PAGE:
Next, please!

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Summer always makes me think of ice cream. Well, okay, realistically speaking I can probably say that just about anything can make me think of ice cream.

To clarify: summer has a way of reminding me that it’s “ice cream season.”  The sweaty, sticky days that beckon us to do nothing but squint and search for shade are here. Days that inevitably have a way of driving everyone in our town to the one location that serves the best ice cream around. You know its really good ice cream when perfectly sane neighbors (including yourself) tote the whole family along to wait in line (out the door, through the parking lot) in the blazing heat for a milkshake. Definitely putting themselves at risk for heat stroke or at the very least, sweat stains.

In any case, summer will always make me remember my days waiting on those such customers when I worked at Holy Cow. A good 4 summers of memories. Some very, funny, memories.

One such story is what I now call “The Legend of the Bands”. For it is quite simply the short summary of my awkward teen years and all its embarrassing moments wrapped up in a tiny nutshell topped with whipped cream and a cherry. It goes like this:

Holy Cow is the best ice cream in town. The best. The prices are insanely cheap, and the ice cream is so delicious that the place is open all year round (even on holidays!) minus two days.

To work at Holy Cow is probably one of the most prestigious jobs a teen around here can hold.It practically warrants celeb status. To this day, people will come up to you and expect you to remember them, or worse, their usual orders. If they don’t recognize you from the store, you can reference working there in pretty much any circumstance (like getting out of a ticket or meeting new friends) and you instantly move up on the awesome ladder.

Typically, the girls who worked at HC were the high school field hockey team. Gorgeous girls who had straight teeth, nice figures and boyfriends. Popular girls, in short. I, however, was not on the field hockey team. I did not have anything resembling a figure and  I certainly did not have a boyfriends, or boys who were my friends. Heck, I didn’t even go to the public high school. I was a homeschooled, knobby kneed, braces wearing, overly exuberant teenager who was somehow hired.

I was also very skinny. So the “small” shirt I was given to wear sat on me like a loose sheet  totally killing any chance of emphasizing the imaginary figure I wished I had. And I didn’t have contacts yet, so I wore “attitude glasses”. And I had some crazy cases of acne. So, in short as one employee dubbed me, I was a “funny dork”.

Lucky for me, I was confident in my dorkiness. The one thing I had going for me was that I was super friendly. Sometimes this aided my situation and sometimes it entirely destroyed my self esteem, as in this case (and in the Christmas tree nose hair case, but that’s another story).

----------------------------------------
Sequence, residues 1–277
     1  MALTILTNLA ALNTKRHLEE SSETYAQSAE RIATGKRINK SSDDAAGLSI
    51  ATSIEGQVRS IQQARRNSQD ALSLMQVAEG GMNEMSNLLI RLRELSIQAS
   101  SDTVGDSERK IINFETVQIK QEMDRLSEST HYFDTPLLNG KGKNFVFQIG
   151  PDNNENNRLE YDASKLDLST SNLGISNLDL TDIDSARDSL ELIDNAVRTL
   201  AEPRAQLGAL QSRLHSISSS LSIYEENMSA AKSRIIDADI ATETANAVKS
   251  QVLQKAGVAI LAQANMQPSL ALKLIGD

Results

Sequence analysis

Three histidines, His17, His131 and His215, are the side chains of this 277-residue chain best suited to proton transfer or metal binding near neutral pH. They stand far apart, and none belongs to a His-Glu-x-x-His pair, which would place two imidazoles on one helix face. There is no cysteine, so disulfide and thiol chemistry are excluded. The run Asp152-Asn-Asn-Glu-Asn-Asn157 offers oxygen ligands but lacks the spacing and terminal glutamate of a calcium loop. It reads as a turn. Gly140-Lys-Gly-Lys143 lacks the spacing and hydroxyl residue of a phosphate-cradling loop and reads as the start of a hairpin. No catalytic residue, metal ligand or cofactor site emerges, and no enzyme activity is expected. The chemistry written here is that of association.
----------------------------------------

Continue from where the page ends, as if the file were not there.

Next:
It was a piping hot June day. I had just undergone oral surgery a few days prior, for which one of my upper incisors (aka front tooth’s neighbor) had to be “lassoed” from the roof of my mouth (for whence it decided to settle instead of my gums) and be dragged down to the front of my mouth.  The end result consisted of a silver linked chain with one end attached to the roof tooth and the other end attached to the front tooth. Totally insanely gross & weird, and completely would figure to be just my luck as I entered my 16th year of life. I definitely kissed all prospects of attracting boys goodbye. I did come to terms with the surgery rather quickly though, especially when the alternative was a tooth which potentially would settle in the roof of my mouth, near the nasal cavity. Now that would definitely have been special. No nose-tooth for me, give me the silver chained lasso.

In addition to the bling and my usual fully loaded metal mouth, I had been assigned to wear “rubberbands” which helped pull the top teeth lower by anchoring them with a teeny tiny rubber band to the bottom teeth. So, pretty much I could only open my mouth as far as the tension on the very visible rubber bands would allow before they snapped or before I was in pain. Something usually gave.

As I stood at the dull ice cream counter, waiting for the customers to pour in, I pitied  myself in my baggy shirt, gawky glasses, and the fact that when I spoke it looked like I was choking on a necklace.

People began to flood the store in search of decadent sundaes and cones. I blinked comatosely through my smudged glasses and convinced myself to be the best ice cream waitress possible, to be friendly and get the order right. I coached myself that people would be so caught off guard by my helpfulness & cheer that they couldn’t possibly have a chance to notice my war zone mouth.

“Can I help who’s next?”

I shouted out to the masses, lunging my body up higher by standing on my toes to get people’s attention.

More people poured in, the chatter between people created a cicada-like hum and the heat grew stickier, no one stepped forward to my line.